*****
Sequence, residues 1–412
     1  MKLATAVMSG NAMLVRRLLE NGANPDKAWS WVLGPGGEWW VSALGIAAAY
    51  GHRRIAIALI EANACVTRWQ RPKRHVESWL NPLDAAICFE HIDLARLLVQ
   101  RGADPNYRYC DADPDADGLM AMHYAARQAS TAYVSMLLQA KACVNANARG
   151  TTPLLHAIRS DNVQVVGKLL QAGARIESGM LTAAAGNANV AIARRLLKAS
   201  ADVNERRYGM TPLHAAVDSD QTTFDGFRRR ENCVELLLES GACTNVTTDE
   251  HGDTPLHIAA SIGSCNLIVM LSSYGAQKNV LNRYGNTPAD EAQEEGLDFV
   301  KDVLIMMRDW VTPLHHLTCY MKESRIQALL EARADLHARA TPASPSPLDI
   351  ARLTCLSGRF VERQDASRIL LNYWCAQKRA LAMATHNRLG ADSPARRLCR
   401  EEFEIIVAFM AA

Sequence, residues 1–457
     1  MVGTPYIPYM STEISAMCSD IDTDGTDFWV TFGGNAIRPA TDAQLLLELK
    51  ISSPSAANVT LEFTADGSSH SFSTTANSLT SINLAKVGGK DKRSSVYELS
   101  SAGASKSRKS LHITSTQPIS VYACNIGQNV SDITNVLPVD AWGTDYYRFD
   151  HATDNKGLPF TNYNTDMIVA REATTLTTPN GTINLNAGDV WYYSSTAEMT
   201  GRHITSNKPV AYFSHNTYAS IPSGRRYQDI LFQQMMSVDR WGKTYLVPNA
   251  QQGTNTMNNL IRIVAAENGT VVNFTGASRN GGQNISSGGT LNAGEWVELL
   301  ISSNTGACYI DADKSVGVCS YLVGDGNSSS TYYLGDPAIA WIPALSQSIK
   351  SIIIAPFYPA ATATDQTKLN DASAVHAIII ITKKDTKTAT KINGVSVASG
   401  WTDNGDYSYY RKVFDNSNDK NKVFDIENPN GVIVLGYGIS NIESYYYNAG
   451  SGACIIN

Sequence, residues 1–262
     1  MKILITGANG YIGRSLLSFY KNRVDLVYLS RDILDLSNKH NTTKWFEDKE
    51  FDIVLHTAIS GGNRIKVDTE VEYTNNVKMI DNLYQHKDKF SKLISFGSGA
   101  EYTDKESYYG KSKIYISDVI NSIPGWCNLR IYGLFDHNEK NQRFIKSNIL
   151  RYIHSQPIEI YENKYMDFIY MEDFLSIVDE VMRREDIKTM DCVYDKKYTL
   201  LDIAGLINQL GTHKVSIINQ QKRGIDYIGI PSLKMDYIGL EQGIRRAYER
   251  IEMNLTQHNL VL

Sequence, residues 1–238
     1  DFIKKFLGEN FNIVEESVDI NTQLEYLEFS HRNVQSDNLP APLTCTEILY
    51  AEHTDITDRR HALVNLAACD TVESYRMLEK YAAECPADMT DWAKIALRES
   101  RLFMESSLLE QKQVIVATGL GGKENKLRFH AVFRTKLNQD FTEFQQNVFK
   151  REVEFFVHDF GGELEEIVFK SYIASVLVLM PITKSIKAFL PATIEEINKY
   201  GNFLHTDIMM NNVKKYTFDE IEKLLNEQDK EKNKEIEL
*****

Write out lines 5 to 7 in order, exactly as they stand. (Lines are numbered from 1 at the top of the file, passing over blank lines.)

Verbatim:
   151  TTPLLHAIRS DNVQVVGKLL QAGARIESGM LTAAAGNANV AIARRLLKAS
   201  ADVNERRYGM TPLHAAVDSD QTTFDGFRRR ENCVELLLES GACTNVTTDE
   251  HGDTPLHIAA SIGSCNLIVM LSSYGAQKNV LNRYGNTPAD EAQEEGLDFV